During the fifteen months of TRENTONIAN’s service she was painted many times. Several camouflage schemes were given to the ship. Her crew spent many hours performing paint ship routine, chipping and scrapping the old paint and applying the new.
One of the comments made by the men when TRENTONIAN was lost, was the time wasted in giving her a new coat of paint only two weeks before.
TRENTONIAN was first painted in the Western Approaches camouflage scheme at Kingston Shipyard. The scheme consists of an off white overall with geometric patterns of pale blue and green, pennant numbers are black. This was a common colour scheme for ships operating in the North Atlantic and was based on the premise that a lightly coloured ship would blend better into an overcast horizon. The blue and green patches were added to break up the silhouette of the ship during good weather.
In the course of just three months the bright colours of TRENTONIAN’s camouflage scheme have been worn off. The unrelenting forces of the sea, wind, salt and rust, combined with a North Atlantic winter storm has drastically changed the ships appearance.
By April 1944, TRENTONIAN’s paint had worn thin. In Halifax she was repainted in a variation of the Western Approaches scheme. Off white on the upper works with light and medium grey geometric patterns on the hull and superstructure, pennant numbers are black. This photo was taken before the painting of the pennant numbers was complete and Stoker Bruce Kier scratched the “K” into the photo. Four additional 20mm Oerlikon machine guns were added to TRENTONIAN soon after the paint was complete. Two were located aft of the funnel and two aft of the pom-pom platform.
Paint quality during the war was inferior and TRENTONIAN needed a new coat of paint by July 1944. At this time she was given the Admiralty Disruptive scheme. Her bridge, upper works and funnel top are painted off white. Part of her upper works, funnel base and hull are painted in a medium grey with a dark grey wave over top. Pennant numbers are black with a white outline. The additional Oerlikons are clearly visible.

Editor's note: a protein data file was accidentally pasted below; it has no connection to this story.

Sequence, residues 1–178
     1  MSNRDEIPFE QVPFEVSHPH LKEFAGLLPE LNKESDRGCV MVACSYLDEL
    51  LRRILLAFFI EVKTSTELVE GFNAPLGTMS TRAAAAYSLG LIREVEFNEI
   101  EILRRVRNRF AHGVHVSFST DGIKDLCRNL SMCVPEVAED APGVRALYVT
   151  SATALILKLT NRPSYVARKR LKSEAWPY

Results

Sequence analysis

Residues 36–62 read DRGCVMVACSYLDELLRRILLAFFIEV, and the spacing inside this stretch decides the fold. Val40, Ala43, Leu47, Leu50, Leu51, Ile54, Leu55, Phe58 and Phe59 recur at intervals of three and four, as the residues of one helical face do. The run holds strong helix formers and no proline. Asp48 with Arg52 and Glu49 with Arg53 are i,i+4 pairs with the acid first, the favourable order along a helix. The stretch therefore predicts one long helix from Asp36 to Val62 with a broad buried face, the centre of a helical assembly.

Admiralty Alternative Scheme -False Hull November 1944
TRENTONIAN was given the False Hull camouflage scheme in November 1944. The entire ship is painted light gray with a medium gray panel painted on the hull. The forward line of the panel matches the rake of her bow and starts at the forward point of her bridge. The censor has removed the black pennant numbers in this photo. The ships name board is visible on the railing above the waist depth charge throwers. A green maple leaf has been painted at the top of the funnel.
TRENTONIAN underwent a change of commanding officers at the end of January 1945. The new skipper ordered the ship painted in February. Returning TRENTONIAN to the Western Approaches scheme. The white superstructure and medium gray hull with light gray geometric patterns is similar to the camouflage scheme used in April 1944, with the exception of the gray band painted at the top of the funnel. This is the only photo of TRENTONIAN in this paint scheme and was taken shortly before she was torpedoed on 22 February 1945.
Discover more of HMCS TRENTONIAN’s incredible story in White Ensign Flying.